And it is in mercy and its cognates that all of Scripture is soaked – from the images of a faithful God committed to a covenant with a faithless people, to stories of indefatigable patience and unmerited forgiveness, to promises of liberation and consolation, to the self-emptying of God’s own son. It is this tradition, this saga, of God’s overflowing and uncontainable love-as-mercy that Pope Francis wants so much to be reflected in every aspect of the life of the Church.

Of course one does not intend, when drawing attention to the nomen misericordiae, to denigrate justice – or love or goodness – in any way. We are talking about a difference in aspect. And the aspect that most clearly manifests itself to us sub specie temporis is that of mercy. From this temporal perspective, as St Thomas has it, God’s mercy does not work contra justitiam but supra justitiam, above rather than against justice. Above it only in so far, of course, as mercy better names a relationship that lacks the equitable affinities implied by justice.

Hans Urs von Balthasar’s way of putting this in Theo-Logic is that “Justice is intrinsic to God’s love in the same sense as his omnipotence. This love is always right, always perfectly equal to itself, and is therefore also the standard by which it measures itself and all things.” And it is out of this justice, this rectitudo, ‘rightness’, a term he takes from St Anselm, that mercy is born. And so von Balthasar moves towards his conclusion that justice and mercy are inseparable, each of them “an ontological modality of love” in its own right. There may be a conflict in human implementations of justice and mercy, but there is no conflict in God. There are no circumscriptions of any kind in God. God’s justice is infinitely merciful; God’s mercy is infinitely just.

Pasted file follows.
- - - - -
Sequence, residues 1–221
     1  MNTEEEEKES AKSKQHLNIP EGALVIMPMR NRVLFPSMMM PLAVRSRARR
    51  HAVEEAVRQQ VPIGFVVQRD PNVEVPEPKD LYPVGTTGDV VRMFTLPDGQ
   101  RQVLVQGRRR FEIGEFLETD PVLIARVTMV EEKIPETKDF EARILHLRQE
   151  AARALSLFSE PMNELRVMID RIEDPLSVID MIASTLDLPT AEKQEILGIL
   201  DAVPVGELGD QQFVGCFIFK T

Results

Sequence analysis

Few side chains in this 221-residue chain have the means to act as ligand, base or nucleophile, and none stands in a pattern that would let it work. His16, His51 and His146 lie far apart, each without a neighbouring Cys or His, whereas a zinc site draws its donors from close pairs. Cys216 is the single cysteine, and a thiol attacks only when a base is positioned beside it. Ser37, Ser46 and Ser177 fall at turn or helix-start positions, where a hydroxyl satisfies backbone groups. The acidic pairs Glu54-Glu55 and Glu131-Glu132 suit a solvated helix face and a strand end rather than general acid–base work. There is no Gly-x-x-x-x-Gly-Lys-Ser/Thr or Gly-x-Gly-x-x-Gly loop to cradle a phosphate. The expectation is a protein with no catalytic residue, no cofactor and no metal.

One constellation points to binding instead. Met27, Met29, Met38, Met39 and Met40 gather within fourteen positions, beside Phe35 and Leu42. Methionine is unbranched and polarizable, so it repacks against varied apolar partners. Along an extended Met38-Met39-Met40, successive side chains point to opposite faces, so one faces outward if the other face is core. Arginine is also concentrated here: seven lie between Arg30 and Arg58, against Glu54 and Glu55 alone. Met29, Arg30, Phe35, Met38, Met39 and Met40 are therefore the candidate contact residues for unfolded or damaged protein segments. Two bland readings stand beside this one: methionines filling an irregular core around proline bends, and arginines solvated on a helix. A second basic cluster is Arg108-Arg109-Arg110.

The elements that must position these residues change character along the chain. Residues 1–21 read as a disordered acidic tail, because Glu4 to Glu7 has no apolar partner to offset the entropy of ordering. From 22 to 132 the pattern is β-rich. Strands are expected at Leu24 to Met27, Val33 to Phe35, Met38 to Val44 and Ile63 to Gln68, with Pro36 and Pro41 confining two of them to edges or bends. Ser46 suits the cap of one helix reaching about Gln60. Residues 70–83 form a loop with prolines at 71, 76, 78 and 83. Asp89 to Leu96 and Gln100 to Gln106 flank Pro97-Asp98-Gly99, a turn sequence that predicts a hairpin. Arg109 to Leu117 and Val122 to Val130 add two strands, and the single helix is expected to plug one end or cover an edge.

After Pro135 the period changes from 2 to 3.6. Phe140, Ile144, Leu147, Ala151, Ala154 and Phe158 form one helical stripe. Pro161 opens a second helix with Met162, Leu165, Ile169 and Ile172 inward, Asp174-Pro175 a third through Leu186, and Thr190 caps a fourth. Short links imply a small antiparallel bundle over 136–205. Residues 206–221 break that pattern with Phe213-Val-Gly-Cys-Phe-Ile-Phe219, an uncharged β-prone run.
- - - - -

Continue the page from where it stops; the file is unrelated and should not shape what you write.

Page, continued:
With which gnomic conclusions we are taken into the heady, apophatic silence of the Church’s mystical tradition. Or, if we must speak, if we must be cataphatic, well, we have to speak without cease, in as many ways as we know how. We are committed to what Denys Turner calls “a verbal riot”, a naming of the divine that never stops, that reaches towards the excesses of God, the realm of God’s mercy – through theology and philosophy to be sure, but also through history and anthropology and the sciences, as well as through poetry, narrative, liturgy and song. And yes, also through the words and prayers of a Pope.